The Corner

Energy & Environment

Why It’s Hard to Take Global Warming Hysteria Seriously

Students take part in a “youth strike to act on climate change” demonstration in Nice, France, March 15, 2019. (Eric Gaillard/Reuters)

Count on the New York Times’ opinion pages to promote American decline and ongoing victimhood. In Sunday’s example, a global warming hysteric named Carey Buckley wrings her hands out of a deep sense of “climate crisis grief.”

She has it really bad! She “feels complicit by merely existing.” When Buckley sees a new baby, she doesn’t light up with joy but “flashes to the approximately 15 tons of carbon emissions the average American emits each year.” She hates humanity “for being the species taking all the others down.”

Gosh. One would think that Buckley would become a climate monastic. But no. It’s mostly tepid symbolism. From, “Apocalypse Got You Down?”

As much as I want to chain myself to an old-growth tree, my job at The Times precludes me from going all in as an activist. So I donate to environmental and humane causes, eat vegan, compost, take public transport, carry around bamboo utensils, post alarming articles on Facebook, buy second hand and stock up on offsets — all decisions I have the luxury to make. And yet none of it has been balm.

Oh, and, she flew to Alaska to go kayaking:

Finally this fall, after a kayaking trip to Alaska prompted by a desire to see glaciers while they still exist — and being greeted by wildfires — I resolved to seek answers.

These people have no sense of irony. Global warming hysteric guru Greta Thunberg is currently cruising back to Europe on a modern catamaran made out of petroleum products and powered by diesel engines.

Buckley decides her only hope is to learn how to live with herself and the rest of us. She goes into deep research and reaches a life-changing conclusion:

Embrace the pain, but don’t stop there…The key is to channel it, through everyday actions or joining wider movements, and also to figure out a way to face it without being controlled by it, because operating out of fear, anger and blame burns us out. That is where the spiritual component comes in — to find a way to move to a place not of tacit acceptance, but of fierce, roaring compassion.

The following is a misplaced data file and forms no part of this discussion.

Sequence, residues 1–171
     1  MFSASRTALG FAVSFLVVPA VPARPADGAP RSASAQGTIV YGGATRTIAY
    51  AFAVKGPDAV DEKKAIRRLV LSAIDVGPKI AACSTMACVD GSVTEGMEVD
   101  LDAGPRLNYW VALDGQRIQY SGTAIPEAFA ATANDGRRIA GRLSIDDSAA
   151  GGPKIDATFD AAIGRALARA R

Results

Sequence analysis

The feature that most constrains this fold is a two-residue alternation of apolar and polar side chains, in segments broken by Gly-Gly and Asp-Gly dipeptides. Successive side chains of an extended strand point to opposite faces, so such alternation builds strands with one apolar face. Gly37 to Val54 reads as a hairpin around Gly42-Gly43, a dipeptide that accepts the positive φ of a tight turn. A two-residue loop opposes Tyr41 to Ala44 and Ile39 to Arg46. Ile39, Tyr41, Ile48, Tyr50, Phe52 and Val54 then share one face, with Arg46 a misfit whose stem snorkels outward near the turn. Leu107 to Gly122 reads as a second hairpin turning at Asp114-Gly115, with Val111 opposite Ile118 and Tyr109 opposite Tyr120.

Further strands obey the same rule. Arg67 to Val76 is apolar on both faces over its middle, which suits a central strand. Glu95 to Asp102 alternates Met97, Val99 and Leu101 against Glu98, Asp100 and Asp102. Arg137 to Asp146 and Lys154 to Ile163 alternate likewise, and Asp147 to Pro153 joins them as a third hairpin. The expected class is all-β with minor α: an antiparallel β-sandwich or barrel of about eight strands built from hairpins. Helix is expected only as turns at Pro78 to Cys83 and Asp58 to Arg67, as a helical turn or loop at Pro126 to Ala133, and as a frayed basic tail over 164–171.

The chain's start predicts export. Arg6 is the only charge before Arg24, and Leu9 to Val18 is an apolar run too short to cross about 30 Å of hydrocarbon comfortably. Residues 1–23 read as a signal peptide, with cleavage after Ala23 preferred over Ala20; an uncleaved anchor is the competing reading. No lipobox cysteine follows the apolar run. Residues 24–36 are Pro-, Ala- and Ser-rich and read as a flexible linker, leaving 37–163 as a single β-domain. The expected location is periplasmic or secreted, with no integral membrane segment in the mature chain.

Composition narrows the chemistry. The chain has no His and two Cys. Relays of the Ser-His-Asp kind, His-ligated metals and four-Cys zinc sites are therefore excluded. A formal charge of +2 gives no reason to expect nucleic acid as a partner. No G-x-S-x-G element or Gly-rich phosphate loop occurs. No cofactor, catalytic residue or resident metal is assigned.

Not just compassion, but “fierce compassion.” Have you noticed that people of this ilk really like the word, “fierce?”

Buckley attends a seminar on how to cope where the facilitator advises being grateful for what each participant has now:

“I’m grateful about being alive in this time because,” I said haltingly to my partner, a man who worked in corporate disaster preparedness, “people are more aware than ever about what we have wrought? Because this is the logical conclusion to what the industrial revolution set in motion?”

“Wow,” the disaster preparedness guy replied.

Yeah, I know what he means.

I’m sorry, I can’t take any of this seriously. Climate prophets of doom like Buckley, Thunberg — who is having an excellent adventure any teenager would envy — and the multi-housed Al Gore sure don’t give me any sense that we really face apocalypse. This is not how people act who actually believe collapse is nigh.

It’s kind of sad. The more I see of the  “climate crisis” movement, the more it seems to be a home for people desperately searching for meaning who feel very guilty because they have it so good.

Whatever gets you through the night, I guess. But if we ever let the Buckley types take over and cause real decline, we will all experience true climate change grief.

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